A: I think that just because Pokémon Go is a game, doesn’t mean it has real world uses. Although, Pokémon Go is an example of how AR can be valuable, I think there are lots of other potential applications of AR within sectors like education for example. Learning and teaching can be dull and uninteresting, and we’re limited in terms of learning style options available for teachers. I know we’ll have seen advances since I was studying… but I see AR having a huge impact within the education sector. The AR Heart App for example, is a great way of teaching young children about the human body.
Other useful applications such as the Ikea App, are becoming less of a gimmick for retailers and consumers. Being able to ‘’try before you buy’’ is an attractive tool for shoppers. Tapping into applications like this, that are not only interesting but commercially viable, is a solution that tech providers can supply.
Q: In your opinion, how is AR adding value for users?
A: Its an effective way of sharing information and changing the way people interact with data and people around them.
Q: In your opinion, what industries have been/will be impacted the most by AR technology?
A: Any industry where complicated and vast information needs to be conveyed will benefit greatly from AR technology, and there are heaps of useful money making apps to be discovered. Navigation companies for example, could operate a ski lift location system so that when you’re skiing you have access to information about your nearest ski lift. Equally, if you’re exploring a new city, being able to access instant insights about the best restaurants within your vicinity.
Q: In your opinion, where will we find AR in our world in 10 years (2028!)?
A: The simple and easy answer would be, completely seamless AR experiences. It will have changed the way we interact with the world and people around us.
For example, I like to FaceTime my family. Now I have to pick up the phone and hold it up to my face. Reducing the friction in that instance would be a massive selling point for many users. In this day and age we’re bombarded with heaps of information, so a tool that can help us to priorite that information would be highly useful. An example of this is our phone notifications; instead of getting notifications to my phone, being able to visualise those notifications in my space.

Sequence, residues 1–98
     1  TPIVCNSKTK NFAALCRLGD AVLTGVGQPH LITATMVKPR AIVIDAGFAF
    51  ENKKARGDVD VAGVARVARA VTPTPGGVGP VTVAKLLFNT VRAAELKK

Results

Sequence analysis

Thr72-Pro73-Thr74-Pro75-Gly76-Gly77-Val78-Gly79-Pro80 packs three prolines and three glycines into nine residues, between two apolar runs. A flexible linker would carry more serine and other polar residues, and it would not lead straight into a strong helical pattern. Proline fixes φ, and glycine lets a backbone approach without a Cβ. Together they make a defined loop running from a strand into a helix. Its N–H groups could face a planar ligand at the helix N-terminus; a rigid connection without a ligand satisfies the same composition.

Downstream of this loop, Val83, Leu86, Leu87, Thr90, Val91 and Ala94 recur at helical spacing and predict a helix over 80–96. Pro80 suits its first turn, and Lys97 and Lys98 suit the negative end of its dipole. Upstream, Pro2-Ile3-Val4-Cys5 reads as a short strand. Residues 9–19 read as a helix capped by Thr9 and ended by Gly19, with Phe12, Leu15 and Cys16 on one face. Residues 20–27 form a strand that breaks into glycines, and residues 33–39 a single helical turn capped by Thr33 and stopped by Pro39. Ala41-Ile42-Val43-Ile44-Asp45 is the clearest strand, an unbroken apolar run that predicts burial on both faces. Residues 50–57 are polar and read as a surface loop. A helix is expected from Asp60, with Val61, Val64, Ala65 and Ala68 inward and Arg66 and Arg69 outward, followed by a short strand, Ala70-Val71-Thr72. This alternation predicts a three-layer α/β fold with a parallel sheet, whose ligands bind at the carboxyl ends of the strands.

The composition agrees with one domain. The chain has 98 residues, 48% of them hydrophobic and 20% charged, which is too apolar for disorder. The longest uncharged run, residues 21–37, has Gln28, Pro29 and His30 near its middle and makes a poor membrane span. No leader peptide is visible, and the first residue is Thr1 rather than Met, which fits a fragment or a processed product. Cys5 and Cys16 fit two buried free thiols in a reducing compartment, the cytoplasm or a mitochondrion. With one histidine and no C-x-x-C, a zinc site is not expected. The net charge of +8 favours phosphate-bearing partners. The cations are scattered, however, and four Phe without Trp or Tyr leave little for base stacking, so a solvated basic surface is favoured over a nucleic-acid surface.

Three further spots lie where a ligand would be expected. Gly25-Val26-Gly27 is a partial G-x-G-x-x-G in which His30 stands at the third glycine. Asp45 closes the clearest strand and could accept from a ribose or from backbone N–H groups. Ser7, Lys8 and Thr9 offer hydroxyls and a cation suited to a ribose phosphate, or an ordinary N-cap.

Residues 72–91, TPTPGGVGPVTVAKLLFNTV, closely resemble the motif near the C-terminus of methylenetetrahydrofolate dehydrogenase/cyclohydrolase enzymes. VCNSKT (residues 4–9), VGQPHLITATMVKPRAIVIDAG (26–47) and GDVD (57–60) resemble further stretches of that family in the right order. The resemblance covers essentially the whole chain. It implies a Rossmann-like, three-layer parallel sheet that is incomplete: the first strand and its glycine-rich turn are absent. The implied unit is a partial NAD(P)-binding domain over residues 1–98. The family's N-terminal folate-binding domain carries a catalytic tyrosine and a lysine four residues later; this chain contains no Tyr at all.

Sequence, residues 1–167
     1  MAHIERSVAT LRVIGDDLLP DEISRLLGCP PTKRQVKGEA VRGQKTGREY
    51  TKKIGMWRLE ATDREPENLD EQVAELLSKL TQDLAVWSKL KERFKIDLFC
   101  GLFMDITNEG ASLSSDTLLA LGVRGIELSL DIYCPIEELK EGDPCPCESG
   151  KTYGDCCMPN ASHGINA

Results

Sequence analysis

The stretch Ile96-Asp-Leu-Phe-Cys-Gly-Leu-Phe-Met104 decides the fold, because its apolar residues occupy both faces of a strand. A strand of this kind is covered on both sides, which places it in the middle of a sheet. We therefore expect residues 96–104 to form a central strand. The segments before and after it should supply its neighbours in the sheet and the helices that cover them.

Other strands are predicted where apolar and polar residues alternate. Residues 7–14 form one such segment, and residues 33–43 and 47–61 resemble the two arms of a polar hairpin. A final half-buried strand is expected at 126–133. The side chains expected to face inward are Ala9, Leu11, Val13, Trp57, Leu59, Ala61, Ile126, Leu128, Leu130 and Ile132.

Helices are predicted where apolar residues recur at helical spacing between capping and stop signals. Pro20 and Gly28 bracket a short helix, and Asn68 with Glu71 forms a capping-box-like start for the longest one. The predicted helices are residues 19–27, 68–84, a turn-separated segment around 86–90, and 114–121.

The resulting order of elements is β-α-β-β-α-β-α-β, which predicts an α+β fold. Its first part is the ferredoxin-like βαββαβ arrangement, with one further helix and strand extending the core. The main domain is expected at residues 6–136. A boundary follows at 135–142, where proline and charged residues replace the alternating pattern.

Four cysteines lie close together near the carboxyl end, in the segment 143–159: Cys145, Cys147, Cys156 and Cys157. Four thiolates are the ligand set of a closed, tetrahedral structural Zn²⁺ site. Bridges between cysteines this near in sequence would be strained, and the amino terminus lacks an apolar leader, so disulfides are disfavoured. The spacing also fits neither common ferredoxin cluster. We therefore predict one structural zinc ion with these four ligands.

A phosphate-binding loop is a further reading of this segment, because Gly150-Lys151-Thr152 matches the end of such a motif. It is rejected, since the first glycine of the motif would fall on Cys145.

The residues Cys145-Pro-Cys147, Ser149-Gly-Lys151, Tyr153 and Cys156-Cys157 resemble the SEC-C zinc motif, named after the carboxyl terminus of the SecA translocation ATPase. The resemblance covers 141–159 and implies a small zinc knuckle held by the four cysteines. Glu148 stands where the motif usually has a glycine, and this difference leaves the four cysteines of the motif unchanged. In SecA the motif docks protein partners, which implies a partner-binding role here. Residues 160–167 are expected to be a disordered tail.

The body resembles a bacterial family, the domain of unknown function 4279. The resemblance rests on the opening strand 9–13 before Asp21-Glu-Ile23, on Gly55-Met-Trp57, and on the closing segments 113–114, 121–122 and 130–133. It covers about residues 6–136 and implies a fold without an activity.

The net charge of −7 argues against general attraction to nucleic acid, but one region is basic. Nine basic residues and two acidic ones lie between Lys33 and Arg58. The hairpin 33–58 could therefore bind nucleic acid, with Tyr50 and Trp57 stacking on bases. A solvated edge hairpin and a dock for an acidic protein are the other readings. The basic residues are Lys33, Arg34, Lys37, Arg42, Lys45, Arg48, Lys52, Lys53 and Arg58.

The goal is for our world to be seamless and the information we need, to be accessed in a seamless approach. If I’m doing a presentation, it would be useful to be able to view my presentation notes right in front of me, or to have instant access to insights about my audience, so that I can tailor my content in a real time fashion. All of these insights and capabilities will enable us to connect with people around us in a more personal level.
Q: Are any C4DI members currently working on any AR projects that you can tell us about…?
A: At C4DI we’ve produced some really interesting AR greeting cards. Scott and his team from BIMsense, who are based at C4DI, are also working on some really innovative projects at the moment.
I think the field is too early to enter for a lot of companies. For example there’s currently no squarespace for AR. Right now I can build a website and a landing page myself through the use of various platforms, but this accessibility just isn’t there with AR yet. It’s businesses like Eon, who through testing and implementation, understand the capabilities and potential. This allows them to show businesses how to make this tech commercially viable for consumers.
If you’re interested in hearing about AR projects that we’ve worked on, then check out our work page.